Should you write a Directions-Type business book?

We’re looking at my model for business book development: Directions, Map or Landmark – in these next articles. It will help you choose what type of business book to write, write the book and most importantly work out how that book can fit in with your business strategy, enhance your profile and provide you with a lucrative marketing tool.

This article is focusing on Directions Type Books.

Directions-type Books – How To

Directions books have plenty of lists, facts, and instructions. People reading this book don’t want to go off and find out information, they want to be told what to do, the order, what next, what they need for the journey. It’s all about order and getting there. They’re not looking for detours. Imagine the reader of a directions type book looking down, following instructions, they just don’t see the rest of the landscape/terrain, they are on their way to a destination.

If they get lost they might abandon the trip and you’ll lose them forever. Or they’ll need to go backwards some steps, wasting time and resources. Directions books need to help the reader get from A to B easily, quickly, without getting lost!

Your reader is desperate for a solution  —  get her there fast, efficiently  —  and don’t lose her!

Any case studies included in a Directions-type book need to show progression in the form of ‘I did this, then that, then that and now I’m here…’ Cases need to be specific, clear, unambiguous.

What business books are in the Directions category?

Types of direction books include cookery books (how to make great paella), how to run a pet store, how to travel the world as a writer, how to run facebook ads, how to set up a website.

My cookery books are directions books — you have to do the things in the right order, step by step — there is only one right way (or at least the Spanish women I interviewed for the book say so, and who am I to argue?)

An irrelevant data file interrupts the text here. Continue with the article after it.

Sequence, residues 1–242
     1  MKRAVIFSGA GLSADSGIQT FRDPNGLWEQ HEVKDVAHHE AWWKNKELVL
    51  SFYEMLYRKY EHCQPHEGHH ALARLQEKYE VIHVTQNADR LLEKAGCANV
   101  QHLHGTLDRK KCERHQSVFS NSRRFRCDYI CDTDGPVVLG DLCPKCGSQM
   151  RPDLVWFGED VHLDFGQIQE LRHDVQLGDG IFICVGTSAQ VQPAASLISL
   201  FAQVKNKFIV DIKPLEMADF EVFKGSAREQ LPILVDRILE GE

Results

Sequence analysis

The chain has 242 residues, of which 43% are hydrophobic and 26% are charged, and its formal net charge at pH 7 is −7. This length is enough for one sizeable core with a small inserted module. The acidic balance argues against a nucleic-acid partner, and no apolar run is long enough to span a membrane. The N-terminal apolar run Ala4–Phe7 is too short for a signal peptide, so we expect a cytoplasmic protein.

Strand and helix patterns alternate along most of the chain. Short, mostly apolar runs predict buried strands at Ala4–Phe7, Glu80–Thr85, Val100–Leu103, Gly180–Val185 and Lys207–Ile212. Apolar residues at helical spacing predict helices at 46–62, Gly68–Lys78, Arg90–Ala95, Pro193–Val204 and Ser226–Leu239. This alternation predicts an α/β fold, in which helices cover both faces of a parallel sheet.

For these books to work everyone must start from the same place — so you must choose the target carefully. A cordon bleu cookery book won’t be great for an 18 year old needing to cook for themselves for the first time when they leave for university. A cake baking book isn’t right for a 50 year old man on the Paleo diet.

The difference that makes the difference

You can’t give good directions if you don’t have a common starting point. Imagine you want to take your friends on a picnic, they are coming from all over the city — some from the north, some from the south, you can’t give each person the same directions, unless you get them all to the same starting point.

Books in this space will be competing to take the reader from where they are now to a DIFFERENT place than you want them to go.

For example, diet books — Atkins, Paleo, Low Carbs — they are all competing to take your reader from being unhappy with their diet, but each leads to a different place.

Want a website and don’t have any coding skills? Buy my ‘how to set up a WordPress website for dummies’ book. No, buy my ‘how to get started with your website on WIX, without coding skills’ book.

How to set up your business mailing list on Infusionsoft — or on Salesforce — or on ActiveCampaign— same starting point (problem), different destination (solution).

Same starting points, different directions, different destination.

Why Directions-type books don’t get read…

They can be turgid, boring, repetitive — these are the biggest problems with a directions book. You need to consider different ways of presenting the useful lists of directions. Think about: screenshots, bullets, breakouts, checklists, images. Any method to break the monotony.

How can you tie this in to your business?

We’ve looked at what the reader needs from the book, but what about you, the writer? Directions-type books are great if you are selling: step by step instructional videos, courses, more books, more how to products, done for you services, toolkits, product progression (beginner to advanced), DIY with help from the team or done for you by the team.

If you decide to write a directions-type book make sure you know where your reader is, where they need to be, that you have the detailed directions to get them there, and that you have something else to sell them when they arrive!

Remember: You must decide what type of book your are writing – Directions, Map or Landmark – before you write the outline or decide on the title and subtitle.


If you’ve already started writing, you might be writing the wrong book!
 Call me to find out.

I personally reply to all emails, shout if you have a question…
If it takes me a little while to respond, it’s probably because I’m herding cats, dogs, goats, chickens or horses! I’ll be back – send me directions!

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Should you write a Landmark-Type business book? – Debbie Jenkins - 27th March 2020

[…] looking at my model for business book development: Directions, Map or Landmark. It will help you choose what type of business book to write, write the book and […]

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